Two critical vulnerabilities were disclosed in a large percentage of Android devices. Meanwhile, malicious apps were downloaded nearly 2.5 million times from Google’s Play Marketplace, a primary platform for Android users to download and update mobile apps.
While the vulnerabilities have been fixed in updates Google began distributing last week, a large percentage of Android phones aren’t eligible to receive the fixes. Even those that do qualify don’t receive them immediately. As a result, attackers may obtain crude blueprints for exploiting vulnerabilities that remain unpatched on millions of devices.
The first vulnerability was disclosed by Mark Brand, a researcher with Google’s Project Zero security team. Indexed as CVE 2016-3861, it allows attackers to execute malware or escalate local privileges on vulnerable phones. Brand warned that it’s “an extremely serious bug” because it can be exploited in a large variety of ways.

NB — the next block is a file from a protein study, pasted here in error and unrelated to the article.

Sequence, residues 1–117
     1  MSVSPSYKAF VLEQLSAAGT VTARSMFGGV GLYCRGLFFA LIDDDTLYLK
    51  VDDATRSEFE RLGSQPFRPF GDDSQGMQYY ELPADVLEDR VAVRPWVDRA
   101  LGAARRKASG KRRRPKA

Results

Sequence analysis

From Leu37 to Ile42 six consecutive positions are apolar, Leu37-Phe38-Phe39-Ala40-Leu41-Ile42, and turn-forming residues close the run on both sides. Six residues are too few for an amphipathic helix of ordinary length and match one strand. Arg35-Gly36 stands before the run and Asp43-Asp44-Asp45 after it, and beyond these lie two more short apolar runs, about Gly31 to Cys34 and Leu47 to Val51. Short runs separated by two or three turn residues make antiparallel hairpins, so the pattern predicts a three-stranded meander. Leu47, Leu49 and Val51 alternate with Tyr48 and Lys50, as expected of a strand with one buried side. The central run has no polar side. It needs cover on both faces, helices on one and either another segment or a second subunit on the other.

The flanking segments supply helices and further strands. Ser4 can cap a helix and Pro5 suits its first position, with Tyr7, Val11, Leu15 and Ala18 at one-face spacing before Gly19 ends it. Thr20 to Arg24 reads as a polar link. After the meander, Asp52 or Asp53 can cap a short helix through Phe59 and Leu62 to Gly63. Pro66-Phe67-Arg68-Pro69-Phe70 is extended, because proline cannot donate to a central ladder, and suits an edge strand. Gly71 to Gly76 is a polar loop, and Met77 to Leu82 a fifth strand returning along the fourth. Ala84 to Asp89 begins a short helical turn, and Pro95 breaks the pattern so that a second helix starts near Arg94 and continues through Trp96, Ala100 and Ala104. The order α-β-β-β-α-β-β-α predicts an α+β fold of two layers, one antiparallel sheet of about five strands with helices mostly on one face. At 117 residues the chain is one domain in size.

“The bug is quite straightforward, and since it’s quite readily fuzzable, it’s interesting that it’s been undiscovered for so long. The vulnerable code is in libutils, and is in the conversion between UTF16 and UTF8. This code is used in many places, including the android::String8(const android::String16&) constructor.” wrote Brand in a blog post.
The second vulnerability is cataloged as CVE-2016-3862, it can be exploited by sending a maliciously formatted jpeg image. When sent through Gmail or Google Talk, the malicious code is concealed inside Exif data embedded in the image. The target doesn’t need to click on anything to become compromised.The vulnerabilities were made public the same week that security firm Checkpoint disclosed that recently discovered apps, some available since April, had been downloaded from Google Play as many as 2.5 million times.
At this point, it’s best to just get a VPN for your Android device.